Explore the first galaxies through physics-based modeling, simulation, and data exploration
The Renaissance Simulations are a series of highly sophisticated computer simulations of galaxy formation in the early Universe. These simulations were run on the Blue Waters supercomputer at the National Center for Supercomputing Applications and produced more than 70 TB of raw data and other data products, such as halo catalogs, merger trees, and mock observations. The Renaissance Simulation Laboratory (RSL) provides open access to all of this data, through both direct download and live analysis using Jupyter notebooks.
Here’s what you’ll find at the RSL:
Learn: If you’re new to galaxy formation and computational astrophysics, the Learn section covers the basics of these topics.
Investigate: Go here for access to the Renaissance Simulation data and to begin your analysis.
Showcase: See a gallery of images, movies, and papers created with Renaissance Simulation data.
User Guide: Here you’ll find more information on how to access and analyze Renaissance Simulation data.
The Renaissance Simulations simulate high redshift galaxy formation in three zoom-in regions within a single comoving volume 40 Mpc on a side: a high density region “Rarepeak”, a region of average density “Normal”, and a low density region “Void”. The image to the right illustrates this. Multiple simulations of each region were carried out varying the treament of the Lyman-Werner UV radiation which influences the molecular hydrogen chemistry and cooling in primordial minihalos. Technical details of the simulations can be found here.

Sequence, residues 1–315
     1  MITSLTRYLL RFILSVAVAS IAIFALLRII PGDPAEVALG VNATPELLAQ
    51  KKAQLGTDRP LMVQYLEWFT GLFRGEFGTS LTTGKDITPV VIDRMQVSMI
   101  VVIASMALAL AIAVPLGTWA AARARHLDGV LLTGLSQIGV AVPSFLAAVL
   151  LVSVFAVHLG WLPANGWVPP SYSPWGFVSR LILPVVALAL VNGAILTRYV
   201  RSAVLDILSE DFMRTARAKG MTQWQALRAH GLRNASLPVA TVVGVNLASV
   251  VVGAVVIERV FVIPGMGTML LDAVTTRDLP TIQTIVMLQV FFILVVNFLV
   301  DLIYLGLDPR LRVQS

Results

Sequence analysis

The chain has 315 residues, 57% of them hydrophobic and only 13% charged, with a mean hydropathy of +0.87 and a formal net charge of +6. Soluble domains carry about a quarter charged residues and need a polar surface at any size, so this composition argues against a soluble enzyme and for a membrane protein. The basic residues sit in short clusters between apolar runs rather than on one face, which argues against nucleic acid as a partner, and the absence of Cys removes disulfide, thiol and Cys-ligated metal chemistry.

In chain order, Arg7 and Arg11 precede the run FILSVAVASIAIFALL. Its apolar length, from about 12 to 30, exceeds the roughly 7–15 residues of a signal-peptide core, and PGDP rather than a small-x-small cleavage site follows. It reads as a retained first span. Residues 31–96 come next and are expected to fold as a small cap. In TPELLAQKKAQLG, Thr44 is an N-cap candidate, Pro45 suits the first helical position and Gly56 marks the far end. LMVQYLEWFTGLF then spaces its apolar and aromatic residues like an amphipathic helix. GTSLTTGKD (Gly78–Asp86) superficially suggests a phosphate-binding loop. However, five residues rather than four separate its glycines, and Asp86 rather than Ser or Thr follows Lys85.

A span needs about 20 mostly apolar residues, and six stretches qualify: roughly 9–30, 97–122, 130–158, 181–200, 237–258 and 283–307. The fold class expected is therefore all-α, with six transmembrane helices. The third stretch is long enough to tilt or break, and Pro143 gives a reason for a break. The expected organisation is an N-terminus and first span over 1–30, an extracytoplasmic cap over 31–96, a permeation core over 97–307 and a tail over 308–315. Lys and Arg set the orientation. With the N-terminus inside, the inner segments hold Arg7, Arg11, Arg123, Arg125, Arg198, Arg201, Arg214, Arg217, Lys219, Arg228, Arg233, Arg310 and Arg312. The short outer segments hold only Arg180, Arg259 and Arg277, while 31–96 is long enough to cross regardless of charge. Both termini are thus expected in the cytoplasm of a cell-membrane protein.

All simulations were performed with the publicly available Enzo code on the Blue Waters supercomputer over a 3-year period (2013-2015) with the support of a PRAC allocation, NSF award OCI-0832662. The RSL is supported by a NSF CDS&E grant AST-1615848.